I first met Jo from The Link Visiting Scheme when our sons were at pre-school together.  Since then, her passion to celebrate and befriend older people in our community has inspired me to sign up as a volunteer.  I was 'matched' by the team to an older person with a view to us meeting up regularly.  The commitment is often just an hour or two per fortnight and in my experience, is great fun.  I have loved getting to know my Link friend and look forward to our trips to garden centres and cafes.  The Link Visiting Scheme is also looking for volunteer drivers to help link friends get to activities. 

The impact of loneliness

Loneliness and social isolation are harmful to our health.  Research shows that lacking social connections is as damaging to our health as smoking 15 cigarettes a day.   Networks and friendships also help individuals to recover when they do fall ill.  Loneliness increases the risk of heart disease, stroke, high blood pressure and the onset of disability.

Lonely people have a higher risk of developing dementia and are more prone to depression. 


Celebrating Celia and Sue

The Link Visiting Scheme proved their matchmaking skills when they brought Celia and Sue together.  Both ladies have shared a little of their story and the impact the scheme and their friendship has had on their lives.


Sue's Story

'After watching how isolated my Mum (she lived in Germany) became after my Dad's passing, I decided to attempt to make a difference in the life of an elderly person.  Loneliness can be worse than an illness, the cause of insecurity, anger and depression and so easy to stop by just giving a little of your time.
The Link Visiting Scheme introduced me to Celia just over 2 years ago. Celia already had a few Link friends before I came on the scene and the both of us had to get used to one another. With time, the trust grew and we went shopping, visited several garden centres and had organised coffee morning with mutual friends. We shared fun times and tough times, like hospital stays and the loss of friends.
It is lovely to see the smile on Celia's face when I enter her flat and to know that to this one person I make a difference by listening to her stories of the past, sharing her worries and offering reassurance and comfort and most of all by having a good laugh'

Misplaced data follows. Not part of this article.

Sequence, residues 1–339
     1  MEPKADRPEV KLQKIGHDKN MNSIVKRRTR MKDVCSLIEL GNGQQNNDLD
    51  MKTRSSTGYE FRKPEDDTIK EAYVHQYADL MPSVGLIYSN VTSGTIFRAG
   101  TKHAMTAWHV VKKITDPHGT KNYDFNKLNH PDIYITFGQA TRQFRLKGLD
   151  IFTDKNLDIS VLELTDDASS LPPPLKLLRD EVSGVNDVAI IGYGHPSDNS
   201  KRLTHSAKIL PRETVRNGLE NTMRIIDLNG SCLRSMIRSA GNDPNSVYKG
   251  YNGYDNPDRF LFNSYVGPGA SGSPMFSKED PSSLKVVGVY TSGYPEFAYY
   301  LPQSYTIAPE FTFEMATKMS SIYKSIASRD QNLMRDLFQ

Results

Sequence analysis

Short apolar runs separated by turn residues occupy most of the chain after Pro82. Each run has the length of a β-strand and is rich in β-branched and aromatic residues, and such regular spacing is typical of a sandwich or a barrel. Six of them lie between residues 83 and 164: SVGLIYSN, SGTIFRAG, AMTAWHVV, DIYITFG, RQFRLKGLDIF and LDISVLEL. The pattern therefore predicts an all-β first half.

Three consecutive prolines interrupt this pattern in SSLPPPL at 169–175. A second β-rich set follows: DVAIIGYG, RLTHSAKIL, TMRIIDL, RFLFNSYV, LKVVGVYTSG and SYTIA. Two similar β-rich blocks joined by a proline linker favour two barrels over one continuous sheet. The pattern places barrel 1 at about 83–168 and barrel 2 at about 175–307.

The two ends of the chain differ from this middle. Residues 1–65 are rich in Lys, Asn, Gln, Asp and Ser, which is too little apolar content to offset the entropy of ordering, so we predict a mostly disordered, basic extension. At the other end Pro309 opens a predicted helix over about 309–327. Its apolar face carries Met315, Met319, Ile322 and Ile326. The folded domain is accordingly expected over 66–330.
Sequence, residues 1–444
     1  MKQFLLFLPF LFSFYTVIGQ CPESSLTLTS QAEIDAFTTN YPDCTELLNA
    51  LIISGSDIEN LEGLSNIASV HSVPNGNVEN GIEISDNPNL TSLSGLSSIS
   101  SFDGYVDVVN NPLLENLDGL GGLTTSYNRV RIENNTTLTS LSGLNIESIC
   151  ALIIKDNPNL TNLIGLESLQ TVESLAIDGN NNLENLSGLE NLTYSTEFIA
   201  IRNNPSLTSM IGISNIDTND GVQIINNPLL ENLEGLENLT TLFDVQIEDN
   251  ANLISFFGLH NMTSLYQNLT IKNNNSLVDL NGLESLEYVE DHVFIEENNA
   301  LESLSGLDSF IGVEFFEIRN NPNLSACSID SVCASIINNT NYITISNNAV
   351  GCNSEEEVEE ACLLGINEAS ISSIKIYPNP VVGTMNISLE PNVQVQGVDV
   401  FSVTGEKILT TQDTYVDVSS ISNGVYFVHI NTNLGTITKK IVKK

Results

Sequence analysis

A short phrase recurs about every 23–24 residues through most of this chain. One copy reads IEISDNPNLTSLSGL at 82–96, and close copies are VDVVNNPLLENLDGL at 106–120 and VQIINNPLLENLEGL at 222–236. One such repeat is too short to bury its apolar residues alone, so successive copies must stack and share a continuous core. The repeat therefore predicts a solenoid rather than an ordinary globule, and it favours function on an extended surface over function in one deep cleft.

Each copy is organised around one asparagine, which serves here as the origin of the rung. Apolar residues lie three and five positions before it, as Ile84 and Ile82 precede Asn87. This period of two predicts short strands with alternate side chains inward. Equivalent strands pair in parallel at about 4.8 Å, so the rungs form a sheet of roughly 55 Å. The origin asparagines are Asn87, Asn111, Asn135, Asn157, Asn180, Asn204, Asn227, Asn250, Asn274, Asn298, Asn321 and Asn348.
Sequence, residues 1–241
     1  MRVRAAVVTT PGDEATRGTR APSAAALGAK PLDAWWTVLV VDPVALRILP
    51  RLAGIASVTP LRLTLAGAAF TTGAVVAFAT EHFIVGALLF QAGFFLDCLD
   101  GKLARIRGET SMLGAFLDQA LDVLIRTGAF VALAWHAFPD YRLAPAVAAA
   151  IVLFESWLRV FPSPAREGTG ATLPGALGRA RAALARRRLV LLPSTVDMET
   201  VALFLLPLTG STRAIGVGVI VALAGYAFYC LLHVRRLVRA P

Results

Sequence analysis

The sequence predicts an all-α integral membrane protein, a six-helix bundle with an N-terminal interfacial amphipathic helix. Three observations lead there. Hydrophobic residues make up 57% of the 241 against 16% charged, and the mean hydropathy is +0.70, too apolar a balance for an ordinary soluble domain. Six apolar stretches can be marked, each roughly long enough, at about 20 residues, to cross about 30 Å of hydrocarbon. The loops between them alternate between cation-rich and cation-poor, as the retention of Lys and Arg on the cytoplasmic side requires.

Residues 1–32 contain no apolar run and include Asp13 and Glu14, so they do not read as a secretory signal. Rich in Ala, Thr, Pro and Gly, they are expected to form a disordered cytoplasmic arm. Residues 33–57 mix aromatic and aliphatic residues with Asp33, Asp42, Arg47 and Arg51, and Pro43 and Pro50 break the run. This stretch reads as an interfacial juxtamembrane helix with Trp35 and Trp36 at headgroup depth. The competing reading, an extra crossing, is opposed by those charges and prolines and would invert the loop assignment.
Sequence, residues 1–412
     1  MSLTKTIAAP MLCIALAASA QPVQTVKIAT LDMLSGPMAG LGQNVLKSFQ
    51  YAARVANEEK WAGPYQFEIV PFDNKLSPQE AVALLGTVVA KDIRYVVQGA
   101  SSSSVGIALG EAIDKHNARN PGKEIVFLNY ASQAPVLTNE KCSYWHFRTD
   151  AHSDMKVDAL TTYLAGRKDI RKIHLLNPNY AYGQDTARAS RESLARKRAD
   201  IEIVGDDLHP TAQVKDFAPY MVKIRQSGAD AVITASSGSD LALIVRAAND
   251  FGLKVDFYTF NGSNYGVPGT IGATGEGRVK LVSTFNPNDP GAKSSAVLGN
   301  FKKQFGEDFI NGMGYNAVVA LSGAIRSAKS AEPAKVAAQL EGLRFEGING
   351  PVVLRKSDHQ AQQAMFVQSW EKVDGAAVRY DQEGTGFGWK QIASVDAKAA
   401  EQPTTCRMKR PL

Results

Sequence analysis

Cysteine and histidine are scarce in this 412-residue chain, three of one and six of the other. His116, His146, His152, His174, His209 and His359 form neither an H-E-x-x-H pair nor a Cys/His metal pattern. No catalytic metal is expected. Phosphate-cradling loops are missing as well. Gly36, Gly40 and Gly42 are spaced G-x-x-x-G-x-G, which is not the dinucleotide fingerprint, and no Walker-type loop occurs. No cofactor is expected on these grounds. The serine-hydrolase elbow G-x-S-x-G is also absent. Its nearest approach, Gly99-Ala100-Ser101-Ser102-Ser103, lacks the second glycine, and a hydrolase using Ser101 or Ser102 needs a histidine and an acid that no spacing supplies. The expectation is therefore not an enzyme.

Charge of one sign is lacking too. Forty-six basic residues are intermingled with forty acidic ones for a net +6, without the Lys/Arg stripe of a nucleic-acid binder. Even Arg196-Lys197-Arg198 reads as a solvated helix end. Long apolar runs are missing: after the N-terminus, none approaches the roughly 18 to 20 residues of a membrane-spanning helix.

Celia's Story

'Before I joined the Link Visiting Scheme I was lonely and unhappy.  My husband hadn't long died and I had no-one to talk to.  I look forward to seeing Sue. We have a good chat. She is just lovely. When I am feeling down and lousy, she cheers me up. She always makes me feel better. I love the parties too, they are terrific. I always have a lovely time.'

Jo and Marje from The Link Visiting Scheme will be hosting a table for the charity at the forthcoming fortycubed Charity Gala Dinner.  If you would like to make a donation to the charity as part of the fortycubed campaign please follow this link.  To find out more about the charity and about volunteering opportunities please visit the website.

Monday, 2 October 2017

The Katie Haines Memorial Trust

The Katie Haines Memorial Trust exists because of a tragic accident.  On 18 February 2010, just two months after her wedding, Katie Haines died of accidental Carbon Monoxide (CO) poisoning at her home.

Later the same year, Katie's husband and parents founded The Katie Haines Memorial Trust to promote awareness of the dangers of carbon monoxide. 

The Vision

The vision of the Katie Haines Memorial Trust is 'that everyone in the UK understands the dangers of carbon monoxide and takes preventative measures to make sure that they do not fall victim to it, such as buying an audible alarm, having burning appliances checked regularly and taking an alarm when travelling abroad.'

Holiday Packing

I was aware we needed a working carbon monoxide alarm in our home for many years but until I heard about this campaign, I had never thought of taking an alarm with me when I travel.  Those sitting on The Katie Haines Memorial Trust table at the Fortycubed Charity Gala Dinner will get a CO alarm to take home with them.  I hope it becomes a regular part of their holiday packing list.

Zoe and Katie

It was through Zoe that I first heard about The Katie Haines Memorial Trust and she shared with me a little of their story.

'I first met Katie around late 2005/early 2006 through mutual friends, but it was only a year or so after this that we became close friends.

Katie was fun loving with an amazing smile that could light up a room when she walked in. She was a journalist for many years and was a press officer at Oxford University when she passed away. She had a love of sport – an avid Arsenal fan and played netball for Wokingham. 

I was lucky enough to attend her wedding on 12th December 2009. Katie and her husband Richard then had an amazing honeymoon in Brazil and Argentina. Shortly after returning from honeymoon Katie celebrated her 31st birthday on 31st January 2010. 

My husband and I were looking forward to hearing all about their adventure over a planned dinner date, but sadly this was never to happen. Katie’s life was tragically cut short on the evening of 18th February 2010 when she died of carbon monoxide poisoning.
Since then her family set up a charity and have been working so hard to raise awareness of carbon monoxide, to ensure everyone understands the dangers and has an audible alarm in their home. 

To find out more about the charity please visit the website and to make a donation as part of the fortycubed challenge please follow this link.